It’s a safe bet that many people will find any way they can to get outside on Wednesday. It’ll be windy, but our high temperatures forecasted to be in the 70s will be the warmest weather in Minnesota in six months.
The heat is on. WCCO director of meteorology Mike Augustyniak says that high temperatures in the Twin Cities could top 50 degrees on Monday. On Sunday, temperatures reached into the 40s.
Kauai is the place to visit if you like your slice of paradise served with a healthy dose of well-earned cuts and bruises, and a sore muscle or two. It’s an amazing, exotic place that’s definitely worth the visit, but if you’re going to attempt it — you should do it right. And here is how.
Minnesota crops continue to feel stress from warmer-than-normal temperatures. The U.S. Department of Agriculture said Tuesday the statewide average temperature last week was 76.7 degrees, nearly 12 degrees above normal. An average of 0.66 inch of rain fell statewide. That’s 0.15 inch below normal. North-central and northeastern regions of Minnesota received higher rainfall amounts.
Here’s a sign of hope for Minnesotans tired of winter. All trails in Voyageurs National Park in far northern Minnesota have closed for the season because of warm weather.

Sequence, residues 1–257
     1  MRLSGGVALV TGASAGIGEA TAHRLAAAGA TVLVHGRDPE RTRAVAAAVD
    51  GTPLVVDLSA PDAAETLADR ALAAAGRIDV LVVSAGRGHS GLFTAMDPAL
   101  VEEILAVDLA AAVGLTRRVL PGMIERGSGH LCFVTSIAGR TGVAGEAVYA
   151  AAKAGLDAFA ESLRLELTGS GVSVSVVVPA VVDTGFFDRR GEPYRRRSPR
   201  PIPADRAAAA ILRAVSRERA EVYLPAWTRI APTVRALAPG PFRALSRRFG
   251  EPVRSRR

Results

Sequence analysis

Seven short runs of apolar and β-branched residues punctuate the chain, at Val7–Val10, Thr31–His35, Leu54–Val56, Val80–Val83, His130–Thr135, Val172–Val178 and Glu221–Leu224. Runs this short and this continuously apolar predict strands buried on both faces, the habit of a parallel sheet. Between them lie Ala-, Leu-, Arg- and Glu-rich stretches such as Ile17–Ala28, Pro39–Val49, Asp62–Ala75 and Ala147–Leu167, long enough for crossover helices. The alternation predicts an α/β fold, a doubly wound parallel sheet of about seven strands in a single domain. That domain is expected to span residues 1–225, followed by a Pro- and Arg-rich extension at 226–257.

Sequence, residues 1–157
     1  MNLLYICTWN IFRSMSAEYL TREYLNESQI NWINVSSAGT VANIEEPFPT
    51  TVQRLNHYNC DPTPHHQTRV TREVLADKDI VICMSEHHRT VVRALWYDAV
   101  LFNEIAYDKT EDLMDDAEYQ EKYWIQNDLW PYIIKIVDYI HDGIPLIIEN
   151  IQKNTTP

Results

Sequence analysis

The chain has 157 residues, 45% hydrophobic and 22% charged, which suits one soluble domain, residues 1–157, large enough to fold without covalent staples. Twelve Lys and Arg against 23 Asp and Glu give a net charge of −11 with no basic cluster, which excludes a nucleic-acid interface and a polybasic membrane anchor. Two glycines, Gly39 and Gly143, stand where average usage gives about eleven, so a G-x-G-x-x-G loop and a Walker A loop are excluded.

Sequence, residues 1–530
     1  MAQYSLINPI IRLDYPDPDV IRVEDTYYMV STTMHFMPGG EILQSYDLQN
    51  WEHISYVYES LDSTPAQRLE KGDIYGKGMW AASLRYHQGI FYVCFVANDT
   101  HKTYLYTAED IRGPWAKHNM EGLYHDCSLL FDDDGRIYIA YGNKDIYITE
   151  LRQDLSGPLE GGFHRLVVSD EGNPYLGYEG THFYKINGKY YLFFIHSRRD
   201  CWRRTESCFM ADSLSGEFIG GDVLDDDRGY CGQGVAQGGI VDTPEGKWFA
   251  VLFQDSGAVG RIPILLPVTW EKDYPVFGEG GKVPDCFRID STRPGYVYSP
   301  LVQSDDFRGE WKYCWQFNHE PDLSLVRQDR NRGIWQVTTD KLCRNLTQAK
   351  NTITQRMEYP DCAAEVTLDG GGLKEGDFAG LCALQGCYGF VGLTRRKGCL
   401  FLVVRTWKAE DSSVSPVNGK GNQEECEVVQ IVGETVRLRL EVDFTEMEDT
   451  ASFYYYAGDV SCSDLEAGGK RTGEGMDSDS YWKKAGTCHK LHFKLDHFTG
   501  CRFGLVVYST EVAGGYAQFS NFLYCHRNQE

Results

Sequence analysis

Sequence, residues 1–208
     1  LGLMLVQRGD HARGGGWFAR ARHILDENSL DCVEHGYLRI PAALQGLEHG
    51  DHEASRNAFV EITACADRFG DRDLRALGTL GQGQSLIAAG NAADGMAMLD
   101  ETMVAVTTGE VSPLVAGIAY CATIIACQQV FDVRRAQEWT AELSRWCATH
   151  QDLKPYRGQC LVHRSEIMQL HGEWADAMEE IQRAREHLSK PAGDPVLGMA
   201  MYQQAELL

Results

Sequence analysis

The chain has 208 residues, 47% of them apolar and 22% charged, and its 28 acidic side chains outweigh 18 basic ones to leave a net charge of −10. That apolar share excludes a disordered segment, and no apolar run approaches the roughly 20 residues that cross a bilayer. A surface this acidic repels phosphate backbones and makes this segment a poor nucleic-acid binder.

Minneapolis Park and Recreation Board (MPRB) has temporarily closed all of its outdoor ice rinks due to uncooperative weather conditions.
The scene at Phalen Park was a little confusing today. Just beyond the holiday lights was a golf course full of people in shorts.
Warmer weather and limited rain this past week helped Minnesota’s farm fields to dry out a bit from a rainy May.
Warm weather is helping Minnesota farmers make rapid progress planting soybeans.
The warmer-than-usual winter left nine Midwestern states with their warmest March on record, and in Illinois the first three months of the year were the warmest three winter months since 1895.
March will likely go down as the warmest on record in more than 100 years. That’s also bringing record years for all sorts of businesses, too.
We are living weather history once again. It looks like this will be the warmest March on record.
The popular Minnehaha Park eatery Sea Salt is opening its doors to customers ahead of schedule this spring, thanks to the unseasonably warm weather.
Mike Bergeron started sowing wheat on his farm in northwestern Minnesota on St. Patrick’s Day. One week earlier, he was towing two of his daughters on a sled behind his snowmobile.
From the sounds for sniffles and sneezes, you can hear: Spring is in the air! Along with our earlier-than-normal spring, allergy symptoms are appearing earlier, too.